What is imiquimod, and how does it work?
Imiquimod is a topical immuno-modulator. The cream may work in several different ways, such as recognising abnormal cells and causing inflammation to remove them, but the exact mechanism in which the immune system is activated by imiquimod is not yet known.
In the UK, a 5% imiquimod cream is available (trade name Aldara®).
What skin conditions are treated with imiquimod cream?
Imiquimod cream is licensed for the treatment of sun-damage in the form of superficial pre-cancerous (actinic keratoses), cancerous skin conditions (superficial basal cell carcinoma) and genital viral warts. Imiquimod has been used with some success for many other conditions such as viral warts on non-genital skin, molluscum contagiosum, keloid scarring, different pre-cancerous lesions such as Bowen’s disease, actinic porokeratosis, vulval intra-epithelial neoplasia and lentigo maligna.
Will imiquimod cream cure my skin condition?
Imiquimod cream can cure or improve many skin problems but does not work for everybody. If Imiquimod works for your condition, your skin usually gets worse (red and sore) before it gets better. The redness and soreness settles about 2 weeks after stopping the treatment. If used for sun-damage, the skin will eventually appear much smoother. If you have more severe sun-damage, you may require repeated treatment courses in the future to maintain the improvement.
How often should I use imiquimod cream?
How often or for how long you should use imiquimod cream will depend on your skin condition. For actinic keratoses, the licensed usage is for 3 nights a week (e.g. Monday, Wednesday and Friday), but only for 4 weeks with one further course of treatment after one month if necessary. In superficial basal cell carcinoma, the recommended use is Monday to Friday night, with a weekend break, for 6 weeks. In genital warts, imiquimod can be used for up to 16 weeks, on 3 nights a week. Your doctor will discuss a treatment schedule with you.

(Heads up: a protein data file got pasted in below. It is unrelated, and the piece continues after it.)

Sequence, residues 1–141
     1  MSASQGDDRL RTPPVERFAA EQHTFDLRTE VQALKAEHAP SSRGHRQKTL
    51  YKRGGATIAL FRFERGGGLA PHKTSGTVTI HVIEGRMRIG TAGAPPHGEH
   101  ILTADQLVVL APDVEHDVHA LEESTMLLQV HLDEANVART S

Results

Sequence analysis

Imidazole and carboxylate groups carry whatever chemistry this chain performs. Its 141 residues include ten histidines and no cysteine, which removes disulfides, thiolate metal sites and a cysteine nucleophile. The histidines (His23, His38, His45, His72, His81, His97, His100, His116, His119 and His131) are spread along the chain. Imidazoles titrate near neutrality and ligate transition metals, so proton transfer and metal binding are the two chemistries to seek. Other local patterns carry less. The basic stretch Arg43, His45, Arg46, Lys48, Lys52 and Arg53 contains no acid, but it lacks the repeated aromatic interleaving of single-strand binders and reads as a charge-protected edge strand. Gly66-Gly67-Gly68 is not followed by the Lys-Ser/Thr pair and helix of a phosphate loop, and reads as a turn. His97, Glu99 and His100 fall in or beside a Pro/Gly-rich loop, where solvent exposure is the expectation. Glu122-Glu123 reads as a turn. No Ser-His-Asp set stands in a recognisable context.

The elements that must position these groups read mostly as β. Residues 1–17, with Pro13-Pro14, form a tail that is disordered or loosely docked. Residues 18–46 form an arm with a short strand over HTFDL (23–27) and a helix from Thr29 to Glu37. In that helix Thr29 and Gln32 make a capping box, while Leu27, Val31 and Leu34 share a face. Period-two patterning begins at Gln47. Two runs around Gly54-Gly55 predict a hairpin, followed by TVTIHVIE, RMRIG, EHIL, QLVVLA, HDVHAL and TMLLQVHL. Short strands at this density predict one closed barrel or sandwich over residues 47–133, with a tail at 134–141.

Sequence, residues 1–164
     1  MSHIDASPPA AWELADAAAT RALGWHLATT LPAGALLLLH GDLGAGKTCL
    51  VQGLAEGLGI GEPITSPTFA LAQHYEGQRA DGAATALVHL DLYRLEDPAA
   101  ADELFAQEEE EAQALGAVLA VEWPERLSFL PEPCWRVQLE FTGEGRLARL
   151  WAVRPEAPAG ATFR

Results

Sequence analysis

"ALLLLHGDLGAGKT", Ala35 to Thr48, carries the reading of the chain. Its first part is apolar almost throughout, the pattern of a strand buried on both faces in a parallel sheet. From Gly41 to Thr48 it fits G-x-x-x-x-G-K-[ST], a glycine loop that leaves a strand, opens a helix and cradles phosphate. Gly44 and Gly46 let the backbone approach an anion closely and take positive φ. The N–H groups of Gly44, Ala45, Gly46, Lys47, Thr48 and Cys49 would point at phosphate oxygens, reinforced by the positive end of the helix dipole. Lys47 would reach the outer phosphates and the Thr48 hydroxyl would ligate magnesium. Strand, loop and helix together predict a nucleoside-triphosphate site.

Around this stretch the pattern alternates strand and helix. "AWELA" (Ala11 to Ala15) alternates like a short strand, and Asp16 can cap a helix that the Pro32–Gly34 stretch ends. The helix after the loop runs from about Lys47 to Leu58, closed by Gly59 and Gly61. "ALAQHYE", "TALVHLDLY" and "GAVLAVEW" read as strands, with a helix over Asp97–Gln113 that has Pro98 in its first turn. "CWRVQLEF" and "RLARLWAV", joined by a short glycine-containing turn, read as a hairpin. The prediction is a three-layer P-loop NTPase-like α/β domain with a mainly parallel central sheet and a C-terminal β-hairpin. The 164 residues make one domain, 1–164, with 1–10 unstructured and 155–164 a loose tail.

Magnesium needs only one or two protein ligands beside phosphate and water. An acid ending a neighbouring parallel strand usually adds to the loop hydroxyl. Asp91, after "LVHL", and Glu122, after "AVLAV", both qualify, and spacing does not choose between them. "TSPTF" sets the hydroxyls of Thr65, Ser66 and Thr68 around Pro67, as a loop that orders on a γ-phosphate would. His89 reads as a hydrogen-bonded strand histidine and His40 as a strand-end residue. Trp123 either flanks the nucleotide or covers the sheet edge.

If you have widespread sun-damage, then the treatment area should be broken up into smaller areas, not using more than one sachet per application (12.5 mg). For example, first complete treatment of the scalp, then treat the face. The more cream is used in any application, the more severe the side effects.
What dose should I take?
You should usually apply Imiquimod cream it at night and wash it off in the morning. Make sure you always clean your skin prior to the application of the cream. Cut a corner of the sachet and squeeze some cream onto your finger to apply it to the affected area. Also put some cream on about a centimetre of healthy looking skin around the affected area.
After 20 minutes or so, you may then apply an additional moisturizer. You can also use make-up to cover the redness, but may find this uncomfortable.
In general, you should not cover the treated area with a plaster, unless advised otherwise by your doctor.
You should wash your hands thoroughly after application of the cream.
When should I not apply imiquimod cream?
- Imiquimod cream should not be used on the eyelids, and generally not on the lips, unless specifically prescribed by your doctor for use in that area.
- Do not use imiquimod cream if you are allergic to any of the ingredients.
- Do not apply imiquimod cream if you are pregnant or breastfeeding.
What are the common side effects of imiquimod cream?
Within 3 to 5 days, the skin treated with imiquimod cream can get red and sore. Even normal looking skin may be affected, because it may contain invisibly abnormal cells. The skin may weep, peel, crack or even blister and then scab over. The area may be itchy or sore, painful and burn. This is caused by the abnormal cells dying and a sign that the treatment is working. The skin reaction tends to be worst in week 2 to 3 of application.
With a severe reaction, some patients develop flu-like symptoms such as swollen lymph nodes, aches of the muscles, joints, back or head or mild fever and generally feeling unwell. Taking paracetamol can be helpful.
If the skin or general reaction becomes too severe, it is appropriate to stop the cream for a week or so before restarting it again.
As the abnormal cells die, the skin barrier becomes damaged and therefore susceptible to wound infection. If there is doubt whether you have a normal treatment reaction or a wound infection, please see your doctor.
What are the rare side effects of imiquimod cream?
If you have a severe reaction to imiquimod cream, the treated area may become ulcerated. This risk is highest on the legs. The skin pigmentation may be increased or decreased following severe inflammation. Rarely, this change in pigmentation can be permanent.
Following a severe reaction, there is a small risk of scarring and hair loss.
Imiquimod cream activates the immune system, and very rarely there have been reports of pre-existing auto-immune disease flaring up.
Rarely, a patient can be allergic to Imiquimod cream and develop a severe allergic skin rash.
Where may I find more information on imiquimod cream?